So, I would like to add my voice to take the death scaffold down as soon as possible, so we may live in Peace.

The artist has apologized for failing “to understand what the inclusion of the Dakota 38 in the sculpture could mean for Dakota people,” and the Walker has agreed to remove the sculpture, and to move the grand opening of the sculpture garden back one week, to June 10. Dakota Elders will meet on Tuesday, May 30 “to discuss how to respond to the “Scaffold” sculpture” and “to make decisions about the priorities for next steps for the structure.” Then twelve Elders will meet with the Walker Art Center, Minneapolis Park and Recreation Board, and the artist on Wednesday, May 31.

“All Dakota are encouraged and invited to respond with their insights in this process. This is an opportunity for parents to engage the children in learning about their history and for the students and professions to use their position to help share our truth, our history. Because of the quick timing of this first meeting and the fact that many Dakota cannot travel to this meeting, you may send/share your response to an Elder who will carry that intention forward in prayer to the meeting.”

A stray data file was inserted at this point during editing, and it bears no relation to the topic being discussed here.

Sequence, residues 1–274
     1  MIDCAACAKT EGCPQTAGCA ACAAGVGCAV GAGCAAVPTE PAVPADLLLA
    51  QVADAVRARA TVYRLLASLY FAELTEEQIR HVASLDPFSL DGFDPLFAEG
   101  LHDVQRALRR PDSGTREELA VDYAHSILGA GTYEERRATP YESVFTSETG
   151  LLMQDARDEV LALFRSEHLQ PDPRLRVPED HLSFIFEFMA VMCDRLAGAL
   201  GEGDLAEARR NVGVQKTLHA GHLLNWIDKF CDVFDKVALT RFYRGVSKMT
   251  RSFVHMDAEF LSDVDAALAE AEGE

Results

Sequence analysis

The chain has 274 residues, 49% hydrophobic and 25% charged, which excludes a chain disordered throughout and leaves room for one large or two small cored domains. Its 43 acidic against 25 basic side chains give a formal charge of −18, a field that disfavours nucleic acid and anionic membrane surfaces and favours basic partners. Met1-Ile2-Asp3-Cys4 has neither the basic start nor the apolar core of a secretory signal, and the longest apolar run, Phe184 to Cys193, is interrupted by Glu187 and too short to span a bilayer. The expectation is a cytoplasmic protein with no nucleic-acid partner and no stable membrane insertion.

This mediation meeting will be followed by a press statement at 2 p.m. on Wednesday, May 31. The statement concludes:

“We call upon all Dakota to pray for wisdom and for healing. We request that all press wait for the joint announcement on Wednesday after our private mediation meeting rather than seeking individual statements from our community. We ask all non-Dakota allies to not take action on our behalf; please respectfully allow us space to conduct our process in our way and timing, that we may heal.”